Australian Dictionary of Biography

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William Howard Horatio Lewis (1868–1939)

by Ann G. Smith

This article was published:

William Howard Horatio Lewis (1868-1939), motor manufacturer and dealer, was born on 11 March 1868 at Willenhall, near Wolverhampton, Staffordshire, England, third of seven children of Jonah Lewis, sheet-iron worker, and his wife Mercy, née Rudge. Educated at Birmingham High School, he arrived in Melbourne with his family in 1879, served an apprenticeship in the furniture trade and was trained as a racing cyclist by his father who, until he purchased a Gippsland farm in 1890, was caretaker of the Warehousemen's Cricket Ground. After winning the one-mile (1.6 km) championship of Australasia in Melbourne in December 1890, Lewis was elected treasurer of the Victorian Racing Cyclists' Association. His prowess, however, could not accommodate the change from the 'ordinary' or high-wheel machine to the 'safety' bicycle and he retired from the track (with a broken collar-bone) in December 1892.

From about 1890 Lewis ran a city bicycle manufacturing, importing and repair business, at first with Ernest Beauchamp, then as Melbourne Cycle Stores and from 1895 with C. B. Kellow. In 1897, however, after his marriage to Maud Emily Paton on 1 July 1896 at the Independent Church, Prahran, he forsook cycles for Harley Tarrant's motor syndicate in Post Office Place; his partnership with Kellow was officially dissolved in March 1898 and the Tarrant Engineering Co. was formed next year.

Between 1901, when Tarrant and Lewis were the first in Australia to manufacture a workable petrol-driven car, and 1906, when they made the last Tarrant, they produced ten or twelve such cars, their quality proven by fine performances in the 1905 and 1906 Dunlop reliability trials. But they could not compete with cheaper imports, and for the bulk of its business the company relied on the assembling and distribution of overseas models. The agencies for Benz and De Dion acquired in 1899-1900 were the first of more than fifty held over the next forty years, including the profitable Ford agency in 1908-15; while the purchase of Alexander Smith's South Melbourne carriage works in 1903 and its metamorphosis as the Melbourne Motor Body Works presaged expansion into Exhibition, then Russell and Lonsdale streets.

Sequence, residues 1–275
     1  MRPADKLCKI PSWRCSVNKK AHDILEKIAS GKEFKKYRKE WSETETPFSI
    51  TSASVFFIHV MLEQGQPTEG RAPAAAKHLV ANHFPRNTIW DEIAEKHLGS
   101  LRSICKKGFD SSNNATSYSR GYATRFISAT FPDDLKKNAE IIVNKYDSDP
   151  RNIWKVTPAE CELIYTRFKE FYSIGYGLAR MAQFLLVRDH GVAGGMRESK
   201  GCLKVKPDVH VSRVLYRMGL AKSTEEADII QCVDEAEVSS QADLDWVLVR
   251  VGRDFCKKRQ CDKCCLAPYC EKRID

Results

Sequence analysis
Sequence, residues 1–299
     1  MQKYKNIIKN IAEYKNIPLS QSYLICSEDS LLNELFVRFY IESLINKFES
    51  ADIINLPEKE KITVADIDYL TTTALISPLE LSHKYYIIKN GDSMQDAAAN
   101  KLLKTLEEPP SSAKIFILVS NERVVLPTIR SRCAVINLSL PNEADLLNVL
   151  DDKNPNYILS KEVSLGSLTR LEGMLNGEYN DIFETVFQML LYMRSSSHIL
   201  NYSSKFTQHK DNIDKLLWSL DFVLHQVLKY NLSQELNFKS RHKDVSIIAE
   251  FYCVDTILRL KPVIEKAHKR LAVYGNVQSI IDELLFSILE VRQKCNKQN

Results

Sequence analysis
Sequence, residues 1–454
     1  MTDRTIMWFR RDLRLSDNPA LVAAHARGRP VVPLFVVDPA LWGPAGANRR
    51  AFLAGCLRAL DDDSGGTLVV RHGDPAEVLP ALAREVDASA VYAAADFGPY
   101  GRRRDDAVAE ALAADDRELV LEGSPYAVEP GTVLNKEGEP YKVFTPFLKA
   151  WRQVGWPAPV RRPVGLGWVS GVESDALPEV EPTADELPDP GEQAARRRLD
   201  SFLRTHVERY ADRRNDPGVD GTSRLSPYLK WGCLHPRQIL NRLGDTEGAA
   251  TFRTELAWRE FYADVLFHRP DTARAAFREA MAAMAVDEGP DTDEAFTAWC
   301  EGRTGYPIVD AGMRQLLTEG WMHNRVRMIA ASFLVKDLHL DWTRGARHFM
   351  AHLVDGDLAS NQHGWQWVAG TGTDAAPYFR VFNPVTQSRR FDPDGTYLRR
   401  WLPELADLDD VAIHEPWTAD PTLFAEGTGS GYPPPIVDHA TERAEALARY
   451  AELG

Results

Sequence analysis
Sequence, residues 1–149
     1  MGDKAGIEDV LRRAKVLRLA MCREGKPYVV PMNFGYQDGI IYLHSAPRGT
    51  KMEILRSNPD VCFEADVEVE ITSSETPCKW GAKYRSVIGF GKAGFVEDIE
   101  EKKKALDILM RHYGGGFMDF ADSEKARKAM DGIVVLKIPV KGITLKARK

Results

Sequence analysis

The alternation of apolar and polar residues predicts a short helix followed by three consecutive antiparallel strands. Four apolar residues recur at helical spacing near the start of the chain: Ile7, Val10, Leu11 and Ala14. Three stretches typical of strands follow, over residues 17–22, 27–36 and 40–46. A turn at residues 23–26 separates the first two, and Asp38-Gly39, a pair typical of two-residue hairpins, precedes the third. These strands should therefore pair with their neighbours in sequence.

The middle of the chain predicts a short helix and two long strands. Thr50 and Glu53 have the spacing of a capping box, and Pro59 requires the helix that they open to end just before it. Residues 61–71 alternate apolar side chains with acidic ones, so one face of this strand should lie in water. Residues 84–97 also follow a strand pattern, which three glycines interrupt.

Tarrant's became a proprietary company in 1907. Lewis was managing director and from 1920, when the firm styled itself Auto Cars Ltd, chairman of directors. At his death, which signalled the closure of the distributing part of the business, he was a director of the holding company Allied Motor Interests Ltd and its subsidiary Ruskin Motors Ltd, and of Yellow Cabs of Australia Ltd and Yellow Express Carriers Ltd. Earlier directorships had included De Luxe Motor Service, Sydney, Royal Blue Taxi Co., Melbourne, and Olympia Motors Pty Ltd.

Lewis served as captain in the Australian Volunteer Automobile Corps in 1911-14. He was founder and first president of the Motor Traders' Association of Victoria (later Chamber of Automotive Industries) and first president of the Federal Council of Australian Motor Traders. Politically conservative, he enjoyed golf, shooting and fishing and had a fund of good stories about the early days of motoring. He was a founding member in 1903 of the (Royal) Automobile Club of Victoria and belonged to the Commonwealth and Victoria Golf clubs.

Lewis died at his Toorak home on 4 October 1939. His wife had died in 1919 and on 1 June 1921, with Presbyterian forms, he married Dorothea Surrey (Jean) McEwan to whom he left an estate of about £18,000. A daughter from his first marriage and a son and daughter from his second also survived him. His funeral was conducted by a minister of the Church of Christ, Scientist.

Select Bibliography

  • K. Winser, Story of Australian Motoring (no date)
  • J. Smith (ed), Cyclopedia of Victoria, vol 2 (Melb, 1904)
  • H. H. Paynting (ed), The James Flood Book of Early Motoring (Melb, 1968)
  • J. Goode, Smoke, Smell and Clatter (Melb, 1969)
  • P. Stubbs, The Australian Motor Industry (Melb, 1972)
  • Australian Cycling Annual, 1897
  • Australian Cyclist, 24 Mar 1898
  • Business Archives and History, 1 (1956), no 6, 3 (1963), no 2
  • Australasian (Melbourne), 3 Mar, 20 Dec 1890, 29 Aug 1891, 7 Jan 1893
  • Argus (Melbourne), 5 Oct 1939.

Citation details

Ann G. Smith, 'Lewis, William Howard Horatio (1868–1939)', Australian Dictionary of Biography, National Centre of Biography, Australian National University,, published first in hardcopy 1986, accessed online 27 May 2024.

This article was published in hardcopy in Australian Dictionary of Biography, Volume 10, (Melbourne University Press), 1986

View the front pages for Volume 10

© Copyright Australian Dictionary of Biography, 2006-2024

Life Summary [details]


11 March, 1868
Willenhall, Staffordshire, England


4 October, 1939 (aged 71)
Toorak, Melbourne, Victoria, Australia

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